Date of Award
Master of Fine Arts (MFA)
Dr. Nancy Moyer
An Arabesque Tango is an exhibition that brings together many different sensibilities from my mixed heritage, Central European and Ottoman-Byzantium, Seljuk and Middle Eastern influences. I attempt to capture in my pieces the magical spirituality of the Sufi mystics and the elegant grace of Islamic Art.
Prior to deciding to pursue an advanced degree in Fine Arts I paid little attention to Islamic Art. Having grown up in the European quarter of Istanbul my political, cultural and professional focus was westward. As I searched for vehicles that would give visual form to my desire to create a personal art form that which was deeply engrained in my heritage I found myself fascinated by Calligraphy and Arabesque design sensibilities. Undergraduate art history courses lead me to believe that Europe and the United States were the only places on earth that produced significant art forms. As I began research into the artistic traditions of Turkey and the broader Islamic world I uncovered a rich treasure of eastern artists who have created fantastic paintings, sculptures and applied arts. Historically, the art forms of the Islamic word have been ignored by western world.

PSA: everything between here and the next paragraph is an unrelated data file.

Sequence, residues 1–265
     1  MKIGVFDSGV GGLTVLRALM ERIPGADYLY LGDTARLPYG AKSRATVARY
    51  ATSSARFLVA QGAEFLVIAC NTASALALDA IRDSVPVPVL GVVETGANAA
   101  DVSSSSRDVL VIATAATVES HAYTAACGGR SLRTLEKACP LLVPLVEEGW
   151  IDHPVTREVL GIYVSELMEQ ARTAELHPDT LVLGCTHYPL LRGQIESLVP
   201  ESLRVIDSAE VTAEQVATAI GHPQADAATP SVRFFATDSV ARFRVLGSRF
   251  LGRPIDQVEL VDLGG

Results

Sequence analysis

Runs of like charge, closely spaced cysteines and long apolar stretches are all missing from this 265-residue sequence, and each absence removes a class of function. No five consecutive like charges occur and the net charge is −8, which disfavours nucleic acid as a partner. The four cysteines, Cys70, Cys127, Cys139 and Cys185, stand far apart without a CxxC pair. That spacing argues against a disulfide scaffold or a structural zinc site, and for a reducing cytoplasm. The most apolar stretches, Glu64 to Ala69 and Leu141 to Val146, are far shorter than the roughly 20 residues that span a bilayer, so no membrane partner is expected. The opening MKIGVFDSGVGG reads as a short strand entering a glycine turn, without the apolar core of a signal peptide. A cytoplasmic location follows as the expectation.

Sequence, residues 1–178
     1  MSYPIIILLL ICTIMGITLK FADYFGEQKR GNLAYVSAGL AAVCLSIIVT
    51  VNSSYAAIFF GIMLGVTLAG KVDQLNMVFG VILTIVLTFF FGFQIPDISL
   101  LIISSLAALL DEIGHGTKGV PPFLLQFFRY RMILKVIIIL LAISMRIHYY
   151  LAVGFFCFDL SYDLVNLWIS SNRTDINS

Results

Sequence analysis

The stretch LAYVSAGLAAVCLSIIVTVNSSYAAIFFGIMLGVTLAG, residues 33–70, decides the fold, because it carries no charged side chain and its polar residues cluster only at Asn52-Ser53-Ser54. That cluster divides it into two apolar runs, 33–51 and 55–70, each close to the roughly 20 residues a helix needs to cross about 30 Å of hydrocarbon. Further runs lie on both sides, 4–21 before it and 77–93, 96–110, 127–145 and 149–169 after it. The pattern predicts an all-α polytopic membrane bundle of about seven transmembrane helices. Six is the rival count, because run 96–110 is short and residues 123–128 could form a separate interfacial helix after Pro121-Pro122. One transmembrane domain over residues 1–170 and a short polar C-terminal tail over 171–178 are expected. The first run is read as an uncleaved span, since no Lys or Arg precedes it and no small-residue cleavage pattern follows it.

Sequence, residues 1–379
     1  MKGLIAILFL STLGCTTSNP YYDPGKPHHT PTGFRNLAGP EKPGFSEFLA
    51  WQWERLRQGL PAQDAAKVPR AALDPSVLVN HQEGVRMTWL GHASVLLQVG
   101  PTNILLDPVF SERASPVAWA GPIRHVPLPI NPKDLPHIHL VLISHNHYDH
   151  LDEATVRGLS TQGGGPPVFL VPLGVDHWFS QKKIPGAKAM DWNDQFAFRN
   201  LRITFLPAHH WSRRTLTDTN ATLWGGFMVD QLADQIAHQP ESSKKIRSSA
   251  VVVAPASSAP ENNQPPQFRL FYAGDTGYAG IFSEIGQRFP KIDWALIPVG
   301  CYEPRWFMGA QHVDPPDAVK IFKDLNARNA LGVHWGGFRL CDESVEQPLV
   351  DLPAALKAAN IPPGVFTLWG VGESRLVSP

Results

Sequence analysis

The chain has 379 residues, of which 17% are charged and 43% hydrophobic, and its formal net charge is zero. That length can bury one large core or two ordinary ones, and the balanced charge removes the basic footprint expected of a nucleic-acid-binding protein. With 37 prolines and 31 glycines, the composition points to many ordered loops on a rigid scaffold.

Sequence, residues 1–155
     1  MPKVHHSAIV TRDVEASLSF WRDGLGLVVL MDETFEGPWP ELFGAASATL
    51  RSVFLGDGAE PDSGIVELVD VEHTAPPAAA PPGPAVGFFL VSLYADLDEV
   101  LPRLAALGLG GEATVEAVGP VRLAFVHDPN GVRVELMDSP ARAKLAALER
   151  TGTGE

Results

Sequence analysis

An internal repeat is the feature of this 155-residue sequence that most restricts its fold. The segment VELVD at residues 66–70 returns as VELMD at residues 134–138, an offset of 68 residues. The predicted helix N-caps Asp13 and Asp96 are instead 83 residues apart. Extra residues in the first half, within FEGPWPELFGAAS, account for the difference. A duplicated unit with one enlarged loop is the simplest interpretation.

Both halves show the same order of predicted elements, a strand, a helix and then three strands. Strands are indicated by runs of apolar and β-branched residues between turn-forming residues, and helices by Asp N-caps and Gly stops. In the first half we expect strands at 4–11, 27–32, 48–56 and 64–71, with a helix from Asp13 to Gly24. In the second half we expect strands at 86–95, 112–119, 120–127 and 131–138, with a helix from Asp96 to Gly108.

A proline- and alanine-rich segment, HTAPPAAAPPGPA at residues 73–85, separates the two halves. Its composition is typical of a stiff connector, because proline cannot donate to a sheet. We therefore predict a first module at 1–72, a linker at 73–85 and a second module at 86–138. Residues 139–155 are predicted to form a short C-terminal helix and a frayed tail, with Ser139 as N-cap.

The deep spirituality, mystic perspective and stylistic approach of this eastern approach does not set comfortably in the limited European frame of reference. The deeper I immersed myself in eastern and Islamic art, the more I became aware that I had been misled. I realized how powerful cultural bias can be, how easy it is to make ill informed judgements and how prejudice can creep into perceptions without an individual or entire culture being aware.
In composing this thesis I have assumed that my readers have a limited understanding of Turkish history and art. Therefore, the first section provides a brief overview of Turkish history, culture and art. The second part provides an overview of Islamic Art and Calligraphy, Sufism and Dervishes. These are important motifs used in my work. The third section explores the interrelationships of motifs in my work. In particular how juxtapositions such as modem-arabesque, east-west, happy-sad, monochromatic- colorful were filtered through my 10 years graphic design experience to produce this body of work. Specific artworks will be used to illustrate how I used formal composition and visual devices to project my concepts and create expressive energy. Technical aspects of my work will be explained; important influences on this body of work will be credited.
University of Texas-Pan American